Don’t call it an act of desperation.
New York Governor Andrew Cuomo and other elected officials rolled out a charm offensive to implore Amazon to reconsider abandoning its plans to build its headquarters, dubbed HQ2, in Long Island City, New York.
Beyond Cuomo personally appealing to Amazon CEO Jeff Bezos, business leaders and state officials also signed an open letter published as a full-page ad in the New York Times Friday inviting the tech giant back to the city.
Congressman Gregory Meeks (D-N.Y.), one of about 70 people to sign the letter, told Yahoo Finance YFi PM he believes the plan to win Amazon back has a 50-50 shot at succeeding.
“I know that Amazon wanted to come to New York because of what New York offers,” Meeks said. “I’m not an oddsmaker, but I would guess that it’s a 50-50 chance.”
The open letter ad was paid for by the Partnership for New York City, a prominent business group, but shows how far business interests are willing to go to win back Amazon’s project that was originally split between New York and Washington D.C.’s Crystal City neighborhood.
At stake are the 25,000 jobs Amazon promised to bring with the building of the company’s HQ2, along with about $28 billion in projected tax revenue over 25 years, according to Empire State Development. Supporters of the deal have argued losing out on Amazon could mean losing out on other tech projects as well.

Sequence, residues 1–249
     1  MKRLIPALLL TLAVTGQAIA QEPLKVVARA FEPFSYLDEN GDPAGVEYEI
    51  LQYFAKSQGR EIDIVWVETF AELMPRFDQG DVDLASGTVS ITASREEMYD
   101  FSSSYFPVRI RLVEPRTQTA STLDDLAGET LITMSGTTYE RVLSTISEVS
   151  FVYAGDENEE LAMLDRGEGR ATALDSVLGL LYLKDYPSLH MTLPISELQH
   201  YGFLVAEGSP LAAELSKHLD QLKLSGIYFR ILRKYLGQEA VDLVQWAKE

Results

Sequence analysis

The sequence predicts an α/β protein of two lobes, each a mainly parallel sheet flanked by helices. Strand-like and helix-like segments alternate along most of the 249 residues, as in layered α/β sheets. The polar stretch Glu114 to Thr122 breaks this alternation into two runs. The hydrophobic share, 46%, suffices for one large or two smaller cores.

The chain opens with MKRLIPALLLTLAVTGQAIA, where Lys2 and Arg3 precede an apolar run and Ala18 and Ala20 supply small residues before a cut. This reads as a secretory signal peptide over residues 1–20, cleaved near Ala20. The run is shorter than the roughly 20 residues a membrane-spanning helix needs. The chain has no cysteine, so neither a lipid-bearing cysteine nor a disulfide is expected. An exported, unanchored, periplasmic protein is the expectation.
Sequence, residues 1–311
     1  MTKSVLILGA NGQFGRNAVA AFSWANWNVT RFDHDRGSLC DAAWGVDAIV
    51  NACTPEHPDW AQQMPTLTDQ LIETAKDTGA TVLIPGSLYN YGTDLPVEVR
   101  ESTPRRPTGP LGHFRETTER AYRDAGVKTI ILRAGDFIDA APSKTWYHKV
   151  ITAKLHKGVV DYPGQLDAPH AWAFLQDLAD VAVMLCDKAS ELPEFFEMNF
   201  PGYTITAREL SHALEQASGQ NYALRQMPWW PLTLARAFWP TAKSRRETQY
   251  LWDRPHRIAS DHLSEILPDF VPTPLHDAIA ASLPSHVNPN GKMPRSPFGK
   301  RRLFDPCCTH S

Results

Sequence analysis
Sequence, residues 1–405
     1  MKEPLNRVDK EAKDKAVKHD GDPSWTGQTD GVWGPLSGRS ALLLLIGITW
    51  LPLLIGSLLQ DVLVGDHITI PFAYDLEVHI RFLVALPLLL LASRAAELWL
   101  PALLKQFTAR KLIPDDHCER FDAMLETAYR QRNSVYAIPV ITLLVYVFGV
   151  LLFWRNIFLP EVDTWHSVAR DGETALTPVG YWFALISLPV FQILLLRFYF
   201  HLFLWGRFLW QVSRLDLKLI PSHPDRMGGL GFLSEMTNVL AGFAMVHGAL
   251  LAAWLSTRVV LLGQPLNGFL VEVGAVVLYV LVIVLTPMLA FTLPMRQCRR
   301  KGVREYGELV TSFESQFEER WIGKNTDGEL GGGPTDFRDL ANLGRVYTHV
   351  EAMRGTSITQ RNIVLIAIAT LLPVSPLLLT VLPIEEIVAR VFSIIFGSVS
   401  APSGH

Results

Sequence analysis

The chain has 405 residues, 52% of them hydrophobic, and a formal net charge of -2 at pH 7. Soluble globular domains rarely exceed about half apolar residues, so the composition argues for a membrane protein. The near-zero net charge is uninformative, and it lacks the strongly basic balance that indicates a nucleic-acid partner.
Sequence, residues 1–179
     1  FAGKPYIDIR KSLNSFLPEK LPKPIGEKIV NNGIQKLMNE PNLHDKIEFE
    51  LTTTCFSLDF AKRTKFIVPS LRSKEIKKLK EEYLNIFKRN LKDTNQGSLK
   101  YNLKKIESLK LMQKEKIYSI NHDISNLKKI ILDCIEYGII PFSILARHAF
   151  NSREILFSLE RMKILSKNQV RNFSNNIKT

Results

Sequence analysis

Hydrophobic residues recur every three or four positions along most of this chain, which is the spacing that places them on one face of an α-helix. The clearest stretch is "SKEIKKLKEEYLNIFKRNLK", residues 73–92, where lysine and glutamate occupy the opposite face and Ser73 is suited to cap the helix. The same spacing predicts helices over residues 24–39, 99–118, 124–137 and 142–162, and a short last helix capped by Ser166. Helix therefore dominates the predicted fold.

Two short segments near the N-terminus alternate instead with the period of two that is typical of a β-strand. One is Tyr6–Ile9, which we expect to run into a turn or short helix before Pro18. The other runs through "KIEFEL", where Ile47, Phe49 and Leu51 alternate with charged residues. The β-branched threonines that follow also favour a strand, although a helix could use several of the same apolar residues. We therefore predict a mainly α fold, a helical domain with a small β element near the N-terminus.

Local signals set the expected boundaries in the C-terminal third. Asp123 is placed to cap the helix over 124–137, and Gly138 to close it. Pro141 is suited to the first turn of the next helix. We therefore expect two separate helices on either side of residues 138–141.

“When you think about the tech industry, whether it’s Google, whether it’s Yahoo, whether it’s Facebook, we want to make sure we’re diversifying our income and diversifying the people and the products that are here not just solely relying on financial institutions and financial services,” Meeks said.
Investing in a ‘public-private partnership’
Opponents of the initial Amazon deal, including freshman Congresswoman Alexandria Ocasio-Cortez, have focused on bashing the idea of providing Amazon with nearly $3 billion in economic incentives in order to build in New York City. Meeks refuted that thinking, noting that it’s not as if the government is writing a check and handing it to Amazon, but rather investing in a “public-private partnership.”
“The return on investment of that $3 billion would be near somewhere $30 billion,” he said. “Now, I think that you’d take that kind of return on investment, right?”
The answer from Cuomo would presumably be “yes,” based on the open letter indicating he will play a more direct role in seeing that the Amazon deal gets approved. To that end, Meeks pointed to the state’s Public Authorities Control Board bypassing the nomination of state Senator Mike Gianaris, who has noted his opposition to the deal and would have had veto power, for state Senator Leroy Comrie as a sign the Amazon deal would go smoother a second time around. He called Comrie “more open-minded about the project.”
Meeks, who said he grew up in public housing, also reiterated his beliefs that bringing jobs to Queens would have less of a negative impact than opponents of the deal had stressed. On the issue of low-income residents being pushed out, Meeks argued that public housing tenants wouldn’t see rents increase because public housing rent is controlled by the city and that residents could enjoy the job opportunities Amazon’s headquarters could provide. Working through a deal to improve neighborhood schools would ensure a more equal future unfolds, but only if Amazon reconsiders, he said.
“You can’t close the gap in disparities in income with just the lowest-paying jobs, you need people to have the opportunity for greater paying jobs,” Meeks said. “This was an opportunity — or is an opportunity to make that happen.”